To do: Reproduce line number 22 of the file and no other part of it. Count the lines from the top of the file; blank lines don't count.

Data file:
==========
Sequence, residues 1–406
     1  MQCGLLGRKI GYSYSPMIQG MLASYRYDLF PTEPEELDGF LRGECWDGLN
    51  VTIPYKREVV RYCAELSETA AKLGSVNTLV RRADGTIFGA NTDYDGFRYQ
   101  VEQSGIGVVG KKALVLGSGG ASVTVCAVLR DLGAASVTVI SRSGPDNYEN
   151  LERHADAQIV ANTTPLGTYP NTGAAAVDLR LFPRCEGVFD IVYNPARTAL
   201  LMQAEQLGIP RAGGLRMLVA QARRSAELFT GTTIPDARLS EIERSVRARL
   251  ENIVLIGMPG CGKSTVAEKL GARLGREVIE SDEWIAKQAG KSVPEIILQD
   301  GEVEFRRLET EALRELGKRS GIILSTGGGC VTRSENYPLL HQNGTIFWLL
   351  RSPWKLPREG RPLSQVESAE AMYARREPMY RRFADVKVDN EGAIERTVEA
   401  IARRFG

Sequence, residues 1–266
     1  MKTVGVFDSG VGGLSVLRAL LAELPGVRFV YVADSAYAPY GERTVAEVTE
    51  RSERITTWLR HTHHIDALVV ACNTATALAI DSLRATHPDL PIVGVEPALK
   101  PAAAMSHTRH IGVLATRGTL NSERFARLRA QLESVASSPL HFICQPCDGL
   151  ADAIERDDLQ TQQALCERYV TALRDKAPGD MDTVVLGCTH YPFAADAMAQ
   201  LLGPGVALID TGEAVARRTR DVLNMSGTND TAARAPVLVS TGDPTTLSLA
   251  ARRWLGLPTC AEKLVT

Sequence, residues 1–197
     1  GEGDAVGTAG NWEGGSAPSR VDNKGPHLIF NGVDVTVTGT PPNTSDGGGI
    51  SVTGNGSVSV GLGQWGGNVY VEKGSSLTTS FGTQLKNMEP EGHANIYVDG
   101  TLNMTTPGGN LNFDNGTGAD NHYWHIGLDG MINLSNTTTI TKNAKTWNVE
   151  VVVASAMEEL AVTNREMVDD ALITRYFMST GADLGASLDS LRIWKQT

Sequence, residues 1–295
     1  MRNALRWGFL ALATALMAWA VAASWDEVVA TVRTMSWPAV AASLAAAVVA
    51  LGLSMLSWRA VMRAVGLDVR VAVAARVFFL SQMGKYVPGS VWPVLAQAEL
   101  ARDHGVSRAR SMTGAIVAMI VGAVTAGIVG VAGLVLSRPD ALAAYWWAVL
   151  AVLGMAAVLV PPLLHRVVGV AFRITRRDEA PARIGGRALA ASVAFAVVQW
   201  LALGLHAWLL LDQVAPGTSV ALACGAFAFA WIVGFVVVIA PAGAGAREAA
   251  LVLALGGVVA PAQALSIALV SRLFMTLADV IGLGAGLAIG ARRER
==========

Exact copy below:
   151  VVVASAMEEL AVTNREMVDD ALITRYFMST GADLGASLDS LRIWKQT